Lodging managers oversee all activities at a hotel, motel or any other establishment that offers accommodation. They ensure that guests have a positive, comfortable stay in a clean, safe and service-oriented environment. Lodging managers can have multiple responsibilities, including room inspections, hiring staff, budgeting and resolving guest issues. Larger hotels may split duties between several managers.
Nights, weekends, holidays occasionally
Most lodging managers work full time, on site at the hotel. Some work during business hours but are on call 24/7 in case of emergencies. Expanded or alternate schedules that include evening and weekend hours are also possible.
Responsibilities for lodging managers are extensive and can include overseeing property maintenance, food service, guest satisfaction and hotel profitability. Problems must be resolved quickly, and constant multitasking can be stressful.
Annual salary estimates are based on percentile wage data collected through the Occupational Employment Statistics (OES) survey of US workers.
DVM / VMD degree
A bachelor's degree in hospitality or hotel management is a requirement for lodging manager positions at full-service hotels and hotel chains. The coursework provides essential knowledge in subjects like marketing and sales, housekeeping, and hotel maintenance.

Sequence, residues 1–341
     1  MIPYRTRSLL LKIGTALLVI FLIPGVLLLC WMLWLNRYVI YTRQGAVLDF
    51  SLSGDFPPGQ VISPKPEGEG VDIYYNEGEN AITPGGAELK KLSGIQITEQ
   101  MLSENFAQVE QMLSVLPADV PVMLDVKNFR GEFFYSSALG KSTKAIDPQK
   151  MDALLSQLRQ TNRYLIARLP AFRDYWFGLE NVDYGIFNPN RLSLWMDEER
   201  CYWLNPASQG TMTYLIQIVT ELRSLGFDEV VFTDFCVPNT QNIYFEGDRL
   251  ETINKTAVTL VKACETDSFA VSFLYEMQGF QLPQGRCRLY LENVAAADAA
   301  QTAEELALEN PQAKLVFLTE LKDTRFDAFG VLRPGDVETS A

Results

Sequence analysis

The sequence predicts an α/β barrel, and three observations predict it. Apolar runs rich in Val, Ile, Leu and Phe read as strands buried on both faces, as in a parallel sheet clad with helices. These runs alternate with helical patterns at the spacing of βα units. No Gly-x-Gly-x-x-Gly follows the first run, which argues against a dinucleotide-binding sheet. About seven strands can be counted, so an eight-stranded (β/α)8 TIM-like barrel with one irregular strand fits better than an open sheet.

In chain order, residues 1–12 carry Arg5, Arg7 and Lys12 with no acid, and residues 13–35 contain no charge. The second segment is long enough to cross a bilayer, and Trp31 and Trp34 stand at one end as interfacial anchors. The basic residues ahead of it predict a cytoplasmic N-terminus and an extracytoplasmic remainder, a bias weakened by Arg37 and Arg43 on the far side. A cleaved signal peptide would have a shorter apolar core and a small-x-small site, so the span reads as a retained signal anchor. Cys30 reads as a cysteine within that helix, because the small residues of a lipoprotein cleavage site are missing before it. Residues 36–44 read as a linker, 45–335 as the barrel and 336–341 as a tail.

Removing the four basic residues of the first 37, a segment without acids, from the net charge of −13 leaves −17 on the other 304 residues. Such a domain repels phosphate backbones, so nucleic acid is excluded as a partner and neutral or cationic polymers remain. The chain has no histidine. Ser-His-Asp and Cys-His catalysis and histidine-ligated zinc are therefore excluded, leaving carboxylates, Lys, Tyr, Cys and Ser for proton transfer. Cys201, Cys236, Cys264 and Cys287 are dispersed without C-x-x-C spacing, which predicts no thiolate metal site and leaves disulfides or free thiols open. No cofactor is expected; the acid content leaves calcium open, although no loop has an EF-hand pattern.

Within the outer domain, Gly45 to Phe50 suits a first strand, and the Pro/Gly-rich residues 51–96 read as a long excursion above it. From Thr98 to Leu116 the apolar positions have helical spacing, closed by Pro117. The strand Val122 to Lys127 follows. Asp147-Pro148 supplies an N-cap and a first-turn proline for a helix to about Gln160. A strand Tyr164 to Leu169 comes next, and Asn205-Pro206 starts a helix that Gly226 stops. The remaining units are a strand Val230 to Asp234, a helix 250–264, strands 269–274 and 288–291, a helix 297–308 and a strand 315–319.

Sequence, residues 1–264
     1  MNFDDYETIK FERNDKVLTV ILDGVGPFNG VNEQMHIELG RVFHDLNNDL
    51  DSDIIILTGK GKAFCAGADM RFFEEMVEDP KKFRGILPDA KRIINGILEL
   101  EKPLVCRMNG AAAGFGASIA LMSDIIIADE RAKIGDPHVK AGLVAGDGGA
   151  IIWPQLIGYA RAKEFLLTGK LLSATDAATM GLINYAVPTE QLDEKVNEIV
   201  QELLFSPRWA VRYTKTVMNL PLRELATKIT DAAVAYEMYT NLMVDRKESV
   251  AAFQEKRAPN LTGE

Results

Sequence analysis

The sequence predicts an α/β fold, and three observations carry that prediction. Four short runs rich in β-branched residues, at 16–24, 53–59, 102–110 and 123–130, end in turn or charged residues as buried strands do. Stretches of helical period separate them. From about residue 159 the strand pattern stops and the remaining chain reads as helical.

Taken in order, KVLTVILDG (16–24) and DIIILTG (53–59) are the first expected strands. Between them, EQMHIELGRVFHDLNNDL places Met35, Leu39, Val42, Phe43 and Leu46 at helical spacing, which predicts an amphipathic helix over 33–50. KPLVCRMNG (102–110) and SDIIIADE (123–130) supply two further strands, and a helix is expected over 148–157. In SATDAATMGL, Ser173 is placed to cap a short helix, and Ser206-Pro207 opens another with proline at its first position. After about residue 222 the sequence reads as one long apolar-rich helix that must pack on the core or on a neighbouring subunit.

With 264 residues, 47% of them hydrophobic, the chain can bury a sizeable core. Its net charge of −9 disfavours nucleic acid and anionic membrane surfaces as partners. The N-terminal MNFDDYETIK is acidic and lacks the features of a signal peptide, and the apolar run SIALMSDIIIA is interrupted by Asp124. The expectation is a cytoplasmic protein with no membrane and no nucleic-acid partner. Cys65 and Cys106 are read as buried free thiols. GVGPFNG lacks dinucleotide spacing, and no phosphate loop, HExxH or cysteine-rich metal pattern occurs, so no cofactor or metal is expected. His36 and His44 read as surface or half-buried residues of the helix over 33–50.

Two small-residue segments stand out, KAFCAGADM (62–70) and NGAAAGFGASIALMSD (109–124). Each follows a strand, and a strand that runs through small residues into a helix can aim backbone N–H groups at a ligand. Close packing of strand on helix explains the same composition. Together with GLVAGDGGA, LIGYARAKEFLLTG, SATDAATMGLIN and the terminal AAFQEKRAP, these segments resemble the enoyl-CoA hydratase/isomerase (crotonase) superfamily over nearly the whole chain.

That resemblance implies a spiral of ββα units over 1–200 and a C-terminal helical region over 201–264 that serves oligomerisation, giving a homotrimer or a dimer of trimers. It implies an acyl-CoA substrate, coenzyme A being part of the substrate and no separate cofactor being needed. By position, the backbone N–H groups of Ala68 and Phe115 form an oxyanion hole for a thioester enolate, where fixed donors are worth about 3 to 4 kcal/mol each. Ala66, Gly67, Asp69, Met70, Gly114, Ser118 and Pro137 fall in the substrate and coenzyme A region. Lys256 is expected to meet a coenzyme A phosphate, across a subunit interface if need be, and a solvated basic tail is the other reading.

Smaller chains and more modest motels are likely to consider manager candidates with an associate's degree in hospitality. Certification from the American Hotel & Lodging Educational Institute (AHLEI) takes two years to complete and can also help to boost your CV. Those with management experience in other fields may bypass some of the education requirements.
Many lodging managers start out as assistant managers or in another role at the hotel. You can also work your way up from small independent establishments to larger and more well-known chains.
Gaining work experience in increasingly larger hotels can lead to a regional manager position. Advanced managerial positions sometimes require relocation due to limited openings.
With lodging manager education and experience, you might also consider investing in a hotel franchise. This gives you the opportunity for managing the property as well as benefitting directly from profits.